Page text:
So I had sought to be ‘fathered’ and sought and searched, and prayed for spiritual ‘fathers.’ Do you know what happened? Well, first, the Lord blessed me immensely with some awesome teaching, equiping, and empowerment. I found myself richly blessed by some serously anointed instruction because, surely the Lord saw my heart as I sought to be discipled, and He answered my prayers richly above all I could ask, or think. Ah but do you know what happened next?
Why? Because I thought that as a disciple I was supposed to be ‘fathered’ by men. Why did I think that? Because many of them taught me so, and I was a good diciple. So then, I learned via the anointing that was on them, but I also learned the errors they held – for they were but men, and not Christ. Christ alone is perfectly anointed, and without error. Here is a message to consider: your INHERITANCE comes from your father; if a man is your father you will inherit carnality, when Christ alone is your Father you will only inherit Spirit, and truth from Him.
Where was I? Books! Discipleship is good, and I have had the blessing of discipling under a few people with whom I also had fellowship. Can two walk together, except they agree? When you read a book, you agreeing to learn from its author (more particularly, I should hope, from The Author; that is: you agree to learn from God, and you read the book to be blessed by some understanding about God through the writing of the author), just as that author has agreed to disciple, or instruct anyone who reads it.
I used to seek to be fathered, and so I discipled under those from whom I believed I could learn. After much pain and hardship in disillusionment from my wrong perception of the process (encouraged by my instructors), I recall developing the sense that I had been ‘rejected by my spiritual fathers’ when the Lord led me in a direction different from theirs. I had to struggle with whether I could be mistaken of the Lord’s leading on account of viewing men as my ‘fathers,’ rather than as ‘brethren.’ I felt that I had spent so much seeking the Lord, but that He was rejecting me in not supplying me a spiritual father.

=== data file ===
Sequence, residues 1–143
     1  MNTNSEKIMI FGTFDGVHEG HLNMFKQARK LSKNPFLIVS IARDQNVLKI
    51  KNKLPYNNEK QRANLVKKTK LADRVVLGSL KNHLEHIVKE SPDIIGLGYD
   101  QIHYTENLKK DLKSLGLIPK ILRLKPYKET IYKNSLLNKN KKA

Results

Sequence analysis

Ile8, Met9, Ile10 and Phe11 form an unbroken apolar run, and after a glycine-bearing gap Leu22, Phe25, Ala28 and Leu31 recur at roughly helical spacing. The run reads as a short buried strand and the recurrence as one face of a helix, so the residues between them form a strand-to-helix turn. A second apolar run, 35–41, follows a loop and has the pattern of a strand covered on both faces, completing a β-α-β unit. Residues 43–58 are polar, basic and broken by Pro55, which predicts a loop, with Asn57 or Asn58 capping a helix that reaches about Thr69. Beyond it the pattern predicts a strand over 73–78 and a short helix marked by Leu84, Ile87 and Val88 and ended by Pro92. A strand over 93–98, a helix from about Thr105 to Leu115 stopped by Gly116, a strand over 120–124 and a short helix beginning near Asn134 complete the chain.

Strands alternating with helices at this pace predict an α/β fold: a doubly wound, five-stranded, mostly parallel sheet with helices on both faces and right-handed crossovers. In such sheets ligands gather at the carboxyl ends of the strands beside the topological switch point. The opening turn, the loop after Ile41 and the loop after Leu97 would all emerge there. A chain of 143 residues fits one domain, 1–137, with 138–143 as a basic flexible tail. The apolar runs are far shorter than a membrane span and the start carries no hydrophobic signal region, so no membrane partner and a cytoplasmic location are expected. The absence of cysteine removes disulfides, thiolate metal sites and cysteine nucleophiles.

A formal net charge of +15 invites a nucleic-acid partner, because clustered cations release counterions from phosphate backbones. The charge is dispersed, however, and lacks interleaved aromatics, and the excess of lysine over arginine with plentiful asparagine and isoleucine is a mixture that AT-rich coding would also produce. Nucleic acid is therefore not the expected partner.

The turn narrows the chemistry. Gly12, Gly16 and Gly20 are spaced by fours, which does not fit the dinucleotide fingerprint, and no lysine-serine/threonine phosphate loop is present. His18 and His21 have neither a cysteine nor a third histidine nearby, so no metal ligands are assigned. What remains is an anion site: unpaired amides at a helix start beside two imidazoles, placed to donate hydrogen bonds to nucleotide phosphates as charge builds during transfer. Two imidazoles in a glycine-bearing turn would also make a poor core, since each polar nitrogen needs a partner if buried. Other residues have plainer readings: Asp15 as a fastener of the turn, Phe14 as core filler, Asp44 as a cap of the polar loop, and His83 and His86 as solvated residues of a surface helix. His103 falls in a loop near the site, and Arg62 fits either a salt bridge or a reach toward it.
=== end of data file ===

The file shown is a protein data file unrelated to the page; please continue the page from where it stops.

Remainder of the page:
But, the Lord revealed to me that throughout the course of my life, and the course of my discipling under various ministries that He was Fathering me. I would read great books from men who were giants of the faith, and often I would think: ‘If only I had lived then, and could learn personally from these; if only I could be fathered by this or that minister…’ but in fact, I was being discipled by these men, for I had agreed, and sought to learn from them, and I extracted what I could from their life, and their writings… but they could not father me any more than those of my personal acquaintance could, nor could they have if I had lived in their time and in their acquaintance.
In fact… I realize that thinking that way was idolatry. Did you know that among the signs and wonders movement, people make pilgrimage to the grave of John G. Lake in order to obtain his anointing? There was a time that I didn’t realize that is idolatry. I’ve discipled under John Lake – that is, I’ve read some of his books, and sought to extract the Gospel Truths from his messages; I don’t get my anointing from John Lake, however – the anointing comes from our own personal concourse with Jesus Christ: He it is that baptizes with the Holy Ghost, and with fire (Matt 3:11).
The anointing doesn’t come from ministers, it comes from Christ. Likewise, God alone is our Father, and these men are brethren – when we elevate them above that position we are in idolatry.
Books – yes the Lord revealed to me that it was He who was fathering me, and indeed it was He who was ultimately discipling me. He blessed me with opportunities to learn from many brothers and sisters in Christ; He also revealed that while I was not present for certain ministries, yet those ministers could still disciple me (and had) through their books, and writings. And better yet, we can seek the Holy Ghost, our Teacher, to give us understanding as we read their writings, and be Truly discipled by the anointing, rather than by man. That’s a good safeguard anyhow, because sometimes our brethren err, and the Lord who is our Father will instruct us of those errors… but we may miss it if we see that minister as our father, rather than the Lord.
Christ has given us a book, and His Spirit, that we may be discipled by Him… and He will personally Father us if we seek to be His disciples.
Don’t lose heart; the Lord, Himself is your Father. He will disciple you.